Ian Begley, SNY.tv | Twitter |
Amid a miserable start to this Knicks season, there have been a few positive developments. Frank Ntilikina has shown that he's -- at the very least -- a capable NBA rotation player in the league. Marcus Morris has shot incredibly well from beyond the arc (52 percent). And, of course, there's RJ Barrett.
On most nights, Barrett has impacted the game on both ends of the floor and played with a poise and awareness that you wouldn't expect from a 19-year-old.
Before Sunday's loss to the Celtics, Boston head coach Brad Stevens offered his thoughts on Barrett: "The first time I saw him in person up close here was the third game of the season and his body, physicality, skill level, all ready for the NBA. I think that's pretty unique for a wing in the league"
"Even some of the better wings fill out over time. He already looks way above his age both from a maturity standpoint, playing standpoint and certainly from a physical standpoint."
You often see Barrett use his 6-6, 200-pound frame to bully defenders on drives and create space for himself around the basket. He also rebounds well and is a physical presence on defense. In short, Barrett has been everything the Knicks could have hoped for after his uneven showing in the Las Vegas Summer League.
In a season full of poor results/unclear direction, it seems like the Knicks may have found a foundational piece in Barrett.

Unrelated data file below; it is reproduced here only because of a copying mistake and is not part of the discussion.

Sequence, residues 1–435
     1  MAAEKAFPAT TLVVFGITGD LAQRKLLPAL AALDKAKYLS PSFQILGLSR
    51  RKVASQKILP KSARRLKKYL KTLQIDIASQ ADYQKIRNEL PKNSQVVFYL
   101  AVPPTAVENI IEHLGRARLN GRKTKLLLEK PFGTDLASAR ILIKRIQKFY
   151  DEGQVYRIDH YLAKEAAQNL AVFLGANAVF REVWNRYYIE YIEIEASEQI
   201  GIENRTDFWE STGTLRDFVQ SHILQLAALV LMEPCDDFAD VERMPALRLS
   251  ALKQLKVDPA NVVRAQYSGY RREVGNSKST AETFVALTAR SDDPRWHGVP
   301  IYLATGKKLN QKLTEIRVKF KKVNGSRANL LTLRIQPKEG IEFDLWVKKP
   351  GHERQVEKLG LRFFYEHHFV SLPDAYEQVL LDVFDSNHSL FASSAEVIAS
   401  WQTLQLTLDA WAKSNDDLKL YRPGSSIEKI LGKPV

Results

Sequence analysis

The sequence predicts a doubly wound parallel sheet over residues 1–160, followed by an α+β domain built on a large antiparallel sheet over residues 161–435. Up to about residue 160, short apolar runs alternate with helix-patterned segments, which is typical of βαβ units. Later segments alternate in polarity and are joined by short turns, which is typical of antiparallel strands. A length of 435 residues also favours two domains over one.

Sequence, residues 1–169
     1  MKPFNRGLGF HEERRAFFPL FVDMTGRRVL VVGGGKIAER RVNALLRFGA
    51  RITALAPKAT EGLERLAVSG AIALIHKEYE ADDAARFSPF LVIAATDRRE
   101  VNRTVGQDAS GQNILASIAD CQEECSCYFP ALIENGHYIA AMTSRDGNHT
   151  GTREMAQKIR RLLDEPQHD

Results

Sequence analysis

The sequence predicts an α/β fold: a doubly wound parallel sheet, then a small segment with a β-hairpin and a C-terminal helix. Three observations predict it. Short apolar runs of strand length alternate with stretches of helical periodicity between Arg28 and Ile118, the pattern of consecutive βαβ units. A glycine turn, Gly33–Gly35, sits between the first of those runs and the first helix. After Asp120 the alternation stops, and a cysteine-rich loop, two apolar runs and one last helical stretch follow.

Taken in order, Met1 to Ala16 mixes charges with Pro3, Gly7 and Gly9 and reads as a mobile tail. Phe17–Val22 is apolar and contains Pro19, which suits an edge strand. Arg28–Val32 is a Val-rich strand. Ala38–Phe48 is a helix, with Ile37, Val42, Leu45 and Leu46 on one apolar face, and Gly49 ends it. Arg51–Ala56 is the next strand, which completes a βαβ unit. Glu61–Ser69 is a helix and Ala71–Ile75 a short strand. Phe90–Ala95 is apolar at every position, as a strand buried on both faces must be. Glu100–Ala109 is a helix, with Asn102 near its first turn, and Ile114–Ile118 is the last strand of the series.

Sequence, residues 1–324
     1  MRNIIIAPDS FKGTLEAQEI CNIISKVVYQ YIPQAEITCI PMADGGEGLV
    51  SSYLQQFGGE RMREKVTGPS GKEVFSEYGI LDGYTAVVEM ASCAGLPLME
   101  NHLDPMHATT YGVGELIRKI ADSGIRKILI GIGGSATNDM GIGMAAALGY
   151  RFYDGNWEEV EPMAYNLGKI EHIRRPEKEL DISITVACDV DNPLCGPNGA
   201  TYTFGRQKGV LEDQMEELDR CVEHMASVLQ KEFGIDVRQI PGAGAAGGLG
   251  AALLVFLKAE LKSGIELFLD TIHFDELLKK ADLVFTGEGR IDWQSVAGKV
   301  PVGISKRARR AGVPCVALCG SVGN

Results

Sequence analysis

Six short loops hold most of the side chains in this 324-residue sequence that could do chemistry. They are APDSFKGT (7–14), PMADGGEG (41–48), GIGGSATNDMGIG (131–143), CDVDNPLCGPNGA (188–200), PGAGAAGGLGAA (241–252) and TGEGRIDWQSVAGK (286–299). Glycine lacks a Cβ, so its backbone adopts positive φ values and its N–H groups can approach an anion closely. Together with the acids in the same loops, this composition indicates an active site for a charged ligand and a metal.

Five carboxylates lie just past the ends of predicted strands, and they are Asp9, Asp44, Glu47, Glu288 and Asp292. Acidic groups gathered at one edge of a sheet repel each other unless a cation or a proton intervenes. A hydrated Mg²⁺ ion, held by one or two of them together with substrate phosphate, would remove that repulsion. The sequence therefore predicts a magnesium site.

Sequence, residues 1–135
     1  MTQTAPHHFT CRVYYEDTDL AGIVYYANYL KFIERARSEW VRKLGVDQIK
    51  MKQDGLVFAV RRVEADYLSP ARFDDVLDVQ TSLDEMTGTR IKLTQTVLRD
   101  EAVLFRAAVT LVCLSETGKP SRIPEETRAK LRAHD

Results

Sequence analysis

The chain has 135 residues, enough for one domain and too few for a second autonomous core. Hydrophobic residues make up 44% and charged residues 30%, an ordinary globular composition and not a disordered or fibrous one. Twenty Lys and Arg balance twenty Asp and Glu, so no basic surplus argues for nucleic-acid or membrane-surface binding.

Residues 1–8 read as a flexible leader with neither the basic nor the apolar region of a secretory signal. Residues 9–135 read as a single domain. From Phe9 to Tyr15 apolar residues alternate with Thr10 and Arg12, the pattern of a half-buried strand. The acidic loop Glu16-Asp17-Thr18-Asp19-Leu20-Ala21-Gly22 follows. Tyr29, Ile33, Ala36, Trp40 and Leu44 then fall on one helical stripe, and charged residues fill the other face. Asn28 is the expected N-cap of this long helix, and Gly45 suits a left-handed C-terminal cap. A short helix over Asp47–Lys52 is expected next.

FREE THROW WOES:
Of course, the rookie hasn't been perfect. He's had poor shooting nights (after a solid start, Barrett is shooting 41 percent from the field, 32 percent from beyond the arc). He's averaging 2.6 turnovers per game. And Barrett, like most of the Knicks rotation players, has struggled from the free-throw line. He's shooting just 52 percent from the line on 5.4 attempts per game. On Sunday, he missed five of 13 attempts from the line.
As a team, the Knicks are shooting a league-low 67 percent from the line -- four percent lower than the club that ranks 29th.
"It's biting us," Fizdale said on Sunday after the Knicks' nine-point loss to Boston. "We missed 11. Can't miss 11 free throws against the Boston Celtics and think you're going to win a close game.
"We're just going to stay with it. We're going to keep coming up with creative ways to try to make them better at it. Right now I think it's much more mental than it is technical. But we've just got to stay with it. Again if you go through, say eight of our losses, nine of our losses, we either didn't shoot enough of them or we missed the ones that we did get."
DSJ GETTING HIS LEGS BACK?
Dennis Smith Jr. got to the paint several times against the Celtics, creating a shot for himself or his teammates. He finished with 17 points on 6-for-11 shooting and seven assists off the bench. Depending on Ntilikina's status, Smith Jr. may start on Monday against Milwaukee. Ntilikina is questionable due to a back issue.
Smith Jr. adds a needed element for New York: he's one of the few Knicks who can penetrate the defense and create open looks. The third-year guard had an uneven season so far (he missed two weeks due to the death of his step mother). But if the Knicks' coaches can help Smith Jr. find consistency on offense, it gives the club the kind of threat that its lacked for much of the season.